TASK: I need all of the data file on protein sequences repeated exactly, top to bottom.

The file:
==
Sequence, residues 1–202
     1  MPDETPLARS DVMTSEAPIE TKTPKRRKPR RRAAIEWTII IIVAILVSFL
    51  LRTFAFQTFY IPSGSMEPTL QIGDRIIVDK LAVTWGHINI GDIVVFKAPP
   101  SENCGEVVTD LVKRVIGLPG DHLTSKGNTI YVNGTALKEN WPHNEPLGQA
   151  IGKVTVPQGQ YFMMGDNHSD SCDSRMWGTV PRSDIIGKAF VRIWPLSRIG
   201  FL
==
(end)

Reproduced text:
Sequence, residues 1–202
     1  MPDETPLARS DVMTSEAPIE TKTPKRRKPR RRAAIEWTII IIVAILVSFL
    51  LRTFAFQTFY IPSGSMEPTL QIGDRIIVDK LAVTWGHINI GDIVVFKAPP
   101  SENCGEVVTD LVKRVIGLPG DHLTSKGNTI YVNGTALKEN WPHNEPLGQA
   151  IGKVTVPQGQ YFMMGDNHSD SCDSRMWGTV PRSDIIGKAF VRIWPLSRIG
   201  FL